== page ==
Yeah. I think the end of those gatherings that are fewer in nature, and if you’re in a phase two county, we’re asking folks not to gather any more than five people during any given week. Those certainly restrict some of what we might call those larger events where more people might be exposed. But we are seeing that some of these are, the gatherings of 15, 20, 30 people, that we’re seeing these parties, as the governor, for example, was referencing as particularly concerning. And then of course some of this is also around at what point in time people might be at a party infectious, and again, the time when people can be infectious is as much as two days or so before you develop symptoms.

John Wiesman: (47:04)
So again, people can feel great and think they’re just fine, go to an event where they think they aren’t going to harm anyone, and then two days later come down with the symptoms of COVID and actually realize that they’ve exposed to people to this virus. That’s why we’re asking people not to, in these kinds of social events, not to be closer than six feet and why wearing face coverings is so important. Because again, I could be infected today, not realize it, but at least my face covering will help prevent me from putting those droplets in the air and potentially exposing others. So to your question, it’s these events that are probably in the 10, 15, 20, 30 people or more that are particularly concerning. And again, we need everybody to do their part to keep everybody safe.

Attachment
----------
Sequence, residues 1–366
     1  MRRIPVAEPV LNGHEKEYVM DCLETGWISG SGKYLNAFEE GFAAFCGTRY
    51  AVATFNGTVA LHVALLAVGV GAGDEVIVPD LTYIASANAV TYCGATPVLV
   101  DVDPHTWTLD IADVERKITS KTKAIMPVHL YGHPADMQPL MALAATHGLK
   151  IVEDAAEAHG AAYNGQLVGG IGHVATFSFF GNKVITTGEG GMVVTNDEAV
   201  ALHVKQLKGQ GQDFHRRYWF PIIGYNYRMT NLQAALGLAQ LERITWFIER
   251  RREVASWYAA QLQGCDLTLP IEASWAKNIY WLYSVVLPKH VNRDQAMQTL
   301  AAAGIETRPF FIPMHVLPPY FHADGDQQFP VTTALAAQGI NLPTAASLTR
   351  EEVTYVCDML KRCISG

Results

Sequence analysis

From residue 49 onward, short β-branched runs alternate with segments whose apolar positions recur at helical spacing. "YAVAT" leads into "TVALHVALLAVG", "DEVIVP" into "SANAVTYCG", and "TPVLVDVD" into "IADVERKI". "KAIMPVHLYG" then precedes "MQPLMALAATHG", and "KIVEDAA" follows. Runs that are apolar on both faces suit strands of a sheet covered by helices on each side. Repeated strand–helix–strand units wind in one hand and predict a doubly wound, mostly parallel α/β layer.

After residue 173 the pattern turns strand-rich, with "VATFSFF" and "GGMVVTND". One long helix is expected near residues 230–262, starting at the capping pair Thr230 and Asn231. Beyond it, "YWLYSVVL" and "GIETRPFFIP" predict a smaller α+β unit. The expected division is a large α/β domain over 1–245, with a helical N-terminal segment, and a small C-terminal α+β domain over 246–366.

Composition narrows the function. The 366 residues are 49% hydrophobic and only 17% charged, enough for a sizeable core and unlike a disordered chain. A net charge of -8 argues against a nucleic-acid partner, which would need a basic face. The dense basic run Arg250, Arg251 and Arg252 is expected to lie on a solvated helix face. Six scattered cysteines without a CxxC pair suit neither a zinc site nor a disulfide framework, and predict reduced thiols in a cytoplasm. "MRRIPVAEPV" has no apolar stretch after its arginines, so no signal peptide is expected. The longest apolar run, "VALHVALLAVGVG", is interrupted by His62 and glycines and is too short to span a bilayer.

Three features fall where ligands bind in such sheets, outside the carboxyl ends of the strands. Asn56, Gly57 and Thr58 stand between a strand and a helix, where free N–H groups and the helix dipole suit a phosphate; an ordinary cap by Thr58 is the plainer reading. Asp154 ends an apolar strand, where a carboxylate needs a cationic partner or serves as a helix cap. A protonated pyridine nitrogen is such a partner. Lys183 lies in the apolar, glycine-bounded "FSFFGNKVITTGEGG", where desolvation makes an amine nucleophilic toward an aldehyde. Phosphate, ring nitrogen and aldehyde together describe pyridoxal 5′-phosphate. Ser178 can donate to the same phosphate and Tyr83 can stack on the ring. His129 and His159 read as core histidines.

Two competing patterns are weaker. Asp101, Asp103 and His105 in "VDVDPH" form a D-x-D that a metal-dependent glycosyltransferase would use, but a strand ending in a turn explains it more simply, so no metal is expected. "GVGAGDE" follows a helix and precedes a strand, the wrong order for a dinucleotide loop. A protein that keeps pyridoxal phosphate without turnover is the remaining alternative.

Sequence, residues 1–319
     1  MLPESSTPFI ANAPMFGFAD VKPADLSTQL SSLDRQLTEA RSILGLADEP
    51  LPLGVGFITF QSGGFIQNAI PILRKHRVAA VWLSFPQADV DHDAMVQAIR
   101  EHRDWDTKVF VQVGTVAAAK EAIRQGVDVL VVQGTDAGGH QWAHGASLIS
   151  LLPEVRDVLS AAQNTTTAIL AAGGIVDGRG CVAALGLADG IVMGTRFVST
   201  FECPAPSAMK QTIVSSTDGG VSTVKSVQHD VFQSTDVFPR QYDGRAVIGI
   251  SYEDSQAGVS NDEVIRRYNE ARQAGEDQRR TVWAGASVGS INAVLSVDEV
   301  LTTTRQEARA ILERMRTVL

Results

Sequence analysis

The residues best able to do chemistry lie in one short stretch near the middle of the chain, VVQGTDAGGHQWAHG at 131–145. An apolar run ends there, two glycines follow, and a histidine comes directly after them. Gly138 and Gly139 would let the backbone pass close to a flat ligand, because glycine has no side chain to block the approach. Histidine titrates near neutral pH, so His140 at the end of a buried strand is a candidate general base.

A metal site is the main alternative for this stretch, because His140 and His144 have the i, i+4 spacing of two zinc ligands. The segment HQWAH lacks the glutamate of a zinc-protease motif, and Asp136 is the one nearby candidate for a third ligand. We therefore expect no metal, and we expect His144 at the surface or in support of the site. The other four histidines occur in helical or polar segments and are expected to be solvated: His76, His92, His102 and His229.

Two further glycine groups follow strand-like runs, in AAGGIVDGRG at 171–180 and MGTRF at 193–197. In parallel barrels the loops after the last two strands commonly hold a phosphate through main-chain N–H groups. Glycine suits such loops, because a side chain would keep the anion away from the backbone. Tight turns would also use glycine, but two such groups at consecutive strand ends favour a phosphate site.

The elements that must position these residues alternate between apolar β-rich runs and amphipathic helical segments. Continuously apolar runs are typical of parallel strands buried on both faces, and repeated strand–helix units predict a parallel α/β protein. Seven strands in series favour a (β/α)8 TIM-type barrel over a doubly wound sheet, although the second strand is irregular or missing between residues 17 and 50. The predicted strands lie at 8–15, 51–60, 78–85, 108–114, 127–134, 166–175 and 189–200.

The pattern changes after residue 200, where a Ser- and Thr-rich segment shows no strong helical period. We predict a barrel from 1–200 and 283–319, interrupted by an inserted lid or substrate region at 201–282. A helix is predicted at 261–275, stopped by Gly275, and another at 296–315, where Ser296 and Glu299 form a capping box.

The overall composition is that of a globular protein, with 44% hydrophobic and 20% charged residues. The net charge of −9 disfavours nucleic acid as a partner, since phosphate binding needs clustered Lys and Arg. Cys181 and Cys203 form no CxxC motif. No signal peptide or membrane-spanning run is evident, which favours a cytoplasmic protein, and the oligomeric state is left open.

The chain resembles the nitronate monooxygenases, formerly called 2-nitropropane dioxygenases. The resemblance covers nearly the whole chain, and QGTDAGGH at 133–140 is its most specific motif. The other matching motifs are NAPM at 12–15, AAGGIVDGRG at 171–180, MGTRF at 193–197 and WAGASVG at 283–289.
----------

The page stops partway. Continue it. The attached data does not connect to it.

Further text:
Speaker 2: (48:02)
Final question comes from Luke from The Yakima Herald.

Luke: (48:06)
Yeah. Hi. Just asking about Yakima. I know during this time, we’ve gotten some modifications to the phase one as that the Department of Health has approved opening some other things. Would you expect that to continue if the numbers keep dropping?

John Wiesman: (48:21)
We continue to work with Yakima, Benton, Franklin and [inaudible 00:48:26] Douglas Counties on their modified phase one approaches. We’ve been meeting with them weekly and meet with them again today, and we are looking to try and get to a place where we can get them all on the same modified phase. There are different things that are allowed in different counties there, so we’re working with their Health Department folks and their elected official on really trying to think those things up. But as we know, the governor has appropriately put a pause on moving to additional phases. That conversation really is around those activities than a modified phase one plan and a safe third plan.

Speaker 2: (49:11)
Luke, would you like to ask a followup?

Luke: (49:15)
Yeah. So I understand there’s a long way to go. I mean, can Yakima County be confident that if they get to the criteria to move to the next phase that we’re able to do that, or how much should that depend on the rest of the state?

Governor Jay Inslee: (49:29)
Well, I wish I could give you a categorical black or white answer to that question. What I would say is definitely as we improve, we’ve all got prospects to open up more businesses. That’s the fundamental question. But on the other hand, there is some relationship of counties that you have to look at, and if one County meets a certain threshold, but you find out that they’re surrounded by counties with five times as much infection, you at least have to be aware of that. One thing I will say is we want to tip our hats to Yakima, what they’re doing. It’s showing progress. We’ve got to realize that as we continue to see progress, we can see more opening over time. I can’t tell you when that is or even exactly what the circumstances are, but we’re making this much progress. Let’s keep going.

Speaker 2: (50:18)
Any final words, Governor?

Governor Jay Inslee: (50:19)
Well, again, thank you very much. Please wash your hands and mask up. Be well.